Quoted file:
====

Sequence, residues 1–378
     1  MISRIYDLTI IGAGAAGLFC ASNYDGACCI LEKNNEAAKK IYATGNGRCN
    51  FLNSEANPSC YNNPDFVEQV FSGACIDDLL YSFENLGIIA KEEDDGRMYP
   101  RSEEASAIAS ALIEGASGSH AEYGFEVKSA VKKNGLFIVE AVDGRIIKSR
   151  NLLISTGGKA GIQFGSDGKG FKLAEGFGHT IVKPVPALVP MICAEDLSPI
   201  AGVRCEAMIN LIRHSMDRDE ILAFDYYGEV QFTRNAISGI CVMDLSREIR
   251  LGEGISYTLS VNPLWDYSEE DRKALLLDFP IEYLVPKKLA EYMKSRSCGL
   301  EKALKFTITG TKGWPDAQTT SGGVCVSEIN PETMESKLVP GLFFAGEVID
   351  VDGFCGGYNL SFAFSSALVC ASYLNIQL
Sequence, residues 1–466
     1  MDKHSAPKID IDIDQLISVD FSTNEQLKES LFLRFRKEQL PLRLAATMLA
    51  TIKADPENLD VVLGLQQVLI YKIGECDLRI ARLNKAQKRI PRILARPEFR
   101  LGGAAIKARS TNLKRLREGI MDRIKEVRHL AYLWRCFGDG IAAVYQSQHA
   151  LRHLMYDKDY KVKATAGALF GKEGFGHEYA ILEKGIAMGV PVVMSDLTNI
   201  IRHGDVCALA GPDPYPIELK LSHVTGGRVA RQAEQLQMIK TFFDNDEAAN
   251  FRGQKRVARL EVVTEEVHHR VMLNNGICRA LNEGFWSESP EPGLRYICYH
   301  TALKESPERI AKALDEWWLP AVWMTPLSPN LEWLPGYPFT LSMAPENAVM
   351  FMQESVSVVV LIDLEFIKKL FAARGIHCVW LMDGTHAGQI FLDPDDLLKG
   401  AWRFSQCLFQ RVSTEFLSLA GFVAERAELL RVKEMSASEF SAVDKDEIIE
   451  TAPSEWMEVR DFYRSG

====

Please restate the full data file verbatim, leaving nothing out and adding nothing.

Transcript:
Sequence, residues 1–378
     1  MISRIYDLTI IGAGAAGLFC ASNYDGACCI LEKNNEAAKK IYATGNGRCN
    51  FLNSEANPSC YNNPDFVEQV FSGACIDDLL YSFENLGIIA KEEDDGRMYP
   101  RSEEASAIAS ALIEGASGSH AEYGFEVKSA VKKNGLFIVE AVDGRIIKSR
   151  NLLISTGGKA GIQFGSDGKG FKLAEGFGHT IVKPVPALVP MICAEDLSPI
   201  AGVRCEAMIN LIRHSMDRDE ILAFDYYGEV QFTRNAISGI CVMDLSREIR
   251  LGEGISYTLS VNPLWDYSEE DRKALLLDFP IEYLVPKKLA EYMKSRSCGL
   301  EKALKFTITG TKGWPDAQTT SGGVCVSEIN PETMESKLVP GLFFAGEVID
   351  VDGFCGGYNL SFAFSSALVC ASYLNIQL
Sequence, residues 1–466
     1  MDKHSAPKID IDIDQLISVD FSTNEQLKES LFLRFRKEQL PLRLAATMLA
    51  TIKADPENLD VVLGLQQVLI YKIGECDLRI ARLNKAQKRI PRILARPEFR
   101  LGGAAIKARS TNLKRLREGI MDRIKEVRHL AYLWRCFGDG IAAVYQSQHA
   151  LRHLMYDKDY KVKATAGALF GKEGFGHEYA ILEKGIAMGV PVVMSDLTNI
   201  IRHGDVCALA GPDPYPIELK LSHVTGGRVA RQAEQLQMIK TFFDNDEAAN
   251  FRGQKRVARL EVVTEEVHHR VMLNNGICRA LNEGFWSESP EPGLRYICYH
   301  TALKESPERI AKALDEWWLP AVWMTPLSPN LEWLPGYPFT LSMAPENAVM
   351  FMQESVSVVV LIDLEFIKKL FAARGIHCVW LMDGTHAGQI FLDPDDLLKG
   401  AWRFSQCLFQ RVSTEFLSLA GFVAERAELL RVKEMSASEF SAVDKDEIIE
   451  TAPSEWMEVR DFYRSG